US open-wheel veteran Paul Tracy has reacted to the news of Sebastien Bourdais losing his Formula One seat at Scuderia Toro Rosso by admitting that he has mixed emotions about the Frenchman possibly returning to America.
Bourdais' release by the Faenza concern naturally sparked - or, indeed, fanned - rumours that he could be bound for the IndyCar Series, despite claims from the four-time Champ Car title-winner that he had not given up chasing the 'F1 project for which I have renounced my career in the United States'.
Bourdais made his name with Newman/Haas Racing when, having failed to attract the attention of F1 team owners following his F3000 championship success, he jumped at the chance to race in Champ Car in a bid to further raise awareness of his ability. Even with a hat-trick of titles under his belt, however, the Frenchman remained unwanted and, having announced that he had given up on the F1 dream, a new management deal with Nicolas Todt saw a fourth crown rewarded with a seat at Toro Rosso.
Since then, however, he has failed to reproduce his CCWS form in F1, with 27 starts producing just six points, albeit with a team that, despite 2008 team-mate Sebastian Vettel's Italian GP win and comparable machinery to Red Bull Racing, continues to be known as a backmarker. After weeks, even months, of speculation - he was a late, late confirmation for 2009 - the Frenchman was formally ousted from the Toro Rosso line-up after the weekend's German Grand Prix, with Spanish teenager Jaime Alguersuari the likely replacement.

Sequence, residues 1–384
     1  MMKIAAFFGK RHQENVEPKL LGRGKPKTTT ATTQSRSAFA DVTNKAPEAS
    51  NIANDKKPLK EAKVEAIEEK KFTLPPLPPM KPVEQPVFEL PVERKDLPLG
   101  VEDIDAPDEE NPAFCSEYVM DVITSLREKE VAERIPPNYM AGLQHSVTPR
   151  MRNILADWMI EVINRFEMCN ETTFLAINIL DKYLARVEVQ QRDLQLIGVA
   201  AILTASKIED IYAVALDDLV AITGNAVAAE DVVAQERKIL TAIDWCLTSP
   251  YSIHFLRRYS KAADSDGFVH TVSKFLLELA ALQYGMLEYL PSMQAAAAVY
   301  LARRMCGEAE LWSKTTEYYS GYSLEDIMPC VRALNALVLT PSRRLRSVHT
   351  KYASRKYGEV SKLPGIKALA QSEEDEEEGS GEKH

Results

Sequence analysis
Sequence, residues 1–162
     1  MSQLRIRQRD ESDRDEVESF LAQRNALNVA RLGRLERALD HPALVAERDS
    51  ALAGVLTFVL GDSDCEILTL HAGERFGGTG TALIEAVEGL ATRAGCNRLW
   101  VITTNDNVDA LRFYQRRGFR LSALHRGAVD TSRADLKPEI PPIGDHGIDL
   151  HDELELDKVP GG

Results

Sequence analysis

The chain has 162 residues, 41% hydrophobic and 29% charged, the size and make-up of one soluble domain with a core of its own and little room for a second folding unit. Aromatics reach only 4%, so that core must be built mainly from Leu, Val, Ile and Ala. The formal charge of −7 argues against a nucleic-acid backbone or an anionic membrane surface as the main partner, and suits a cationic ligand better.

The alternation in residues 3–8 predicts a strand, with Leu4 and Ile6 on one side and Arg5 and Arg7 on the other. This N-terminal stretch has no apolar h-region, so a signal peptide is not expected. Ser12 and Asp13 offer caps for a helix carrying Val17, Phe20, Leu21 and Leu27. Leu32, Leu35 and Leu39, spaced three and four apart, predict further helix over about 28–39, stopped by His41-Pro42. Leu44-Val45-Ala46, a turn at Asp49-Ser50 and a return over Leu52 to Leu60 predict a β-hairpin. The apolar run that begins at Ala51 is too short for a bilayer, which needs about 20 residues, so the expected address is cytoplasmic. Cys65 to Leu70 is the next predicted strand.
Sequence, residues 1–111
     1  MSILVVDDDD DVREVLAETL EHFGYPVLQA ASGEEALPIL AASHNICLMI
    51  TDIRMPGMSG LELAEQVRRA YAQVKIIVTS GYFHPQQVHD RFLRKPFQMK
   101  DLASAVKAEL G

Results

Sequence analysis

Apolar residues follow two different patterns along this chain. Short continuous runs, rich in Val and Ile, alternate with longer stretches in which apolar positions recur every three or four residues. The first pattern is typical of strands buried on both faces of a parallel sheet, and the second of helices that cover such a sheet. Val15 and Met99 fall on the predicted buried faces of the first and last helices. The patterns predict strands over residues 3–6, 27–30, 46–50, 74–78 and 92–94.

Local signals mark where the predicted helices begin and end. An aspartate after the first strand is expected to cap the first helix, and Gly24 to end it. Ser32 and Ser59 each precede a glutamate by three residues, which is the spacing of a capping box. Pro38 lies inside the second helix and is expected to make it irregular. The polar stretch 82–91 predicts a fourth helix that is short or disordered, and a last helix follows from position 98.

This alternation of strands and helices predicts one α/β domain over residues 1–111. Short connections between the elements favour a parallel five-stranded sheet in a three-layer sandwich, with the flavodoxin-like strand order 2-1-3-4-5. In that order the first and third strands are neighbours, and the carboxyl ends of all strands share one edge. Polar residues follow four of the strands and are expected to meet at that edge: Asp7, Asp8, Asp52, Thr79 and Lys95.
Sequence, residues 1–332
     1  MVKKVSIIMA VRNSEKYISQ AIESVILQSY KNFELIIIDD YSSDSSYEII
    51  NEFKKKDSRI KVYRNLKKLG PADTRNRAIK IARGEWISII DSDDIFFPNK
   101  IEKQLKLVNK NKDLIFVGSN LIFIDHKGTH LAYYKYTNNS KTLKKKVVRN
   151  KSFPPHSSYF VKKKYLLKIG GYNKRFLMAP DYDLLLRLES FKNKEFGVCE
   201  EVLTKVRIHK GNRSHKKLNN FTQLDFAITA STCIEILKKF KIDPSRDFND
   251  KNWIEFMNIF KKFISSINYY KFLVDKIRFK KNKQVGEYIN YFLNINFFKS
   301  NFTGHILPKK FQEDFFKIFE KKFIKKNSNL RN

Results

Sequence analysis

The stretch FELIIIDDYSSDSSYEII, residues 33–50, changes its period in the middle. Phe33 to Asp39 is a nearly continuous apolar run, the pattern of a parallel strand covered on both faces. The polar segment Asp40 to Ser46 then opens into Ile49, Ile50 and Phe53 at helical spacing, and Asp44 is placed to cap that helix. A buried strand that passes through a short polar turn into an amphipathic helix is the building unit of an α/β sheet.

Tracy has since admitted that, while he would look forward to winding Bourdais up, both on and off track - he seems to have correctly predicted the Frenchman's period in F1 [see story HERE
] - he would be disappointed to see his former rival waltz back into a leading seat, especially as he has had to sweat over a handful of outings in 2009.
"I'm not surprised he's got the boot," the outspoken Canadian wrote in his regular racer.com
blog, "The guy was a misery even when he had the best car and was winning everything, so I guess he's been pretty unbearable this last 18 months. He's a great driver, but I bet his attitude didn't exactly encourage the team to solve his problems.
"I'm in two minds about this. I'm dreaming of the day that I'm able to give Bourdais the gears again but, like I've said in previous blogs, I will be mightily pissed if he walks back into a deal when I've been working my tail off doing promotions, and helping to sell tickets for race organisers, and don't get a ride."
Whether or not Bourdais gets a place in the field for next season remains to be seen, and could rest largely on whether he even wants to return to US, but Tracy is adamant that he wants greater involvement next season, even if it means foregoing further outings in 2009.
"Racing is starting to dominate my thoughts again, like it did at the start of my career, and what I'm thinking about is the future, not the past," he wrote, "My first priority is trying to do a whole season next year. My second is for it to be with KV Racing... but it all depends on financing and whether we can generate sponsorship. Given a full-season programme, I'm confident that KV Racing can regularly challenge for wins in 2010. They have the equipment, the personnel and the team spirit to do it.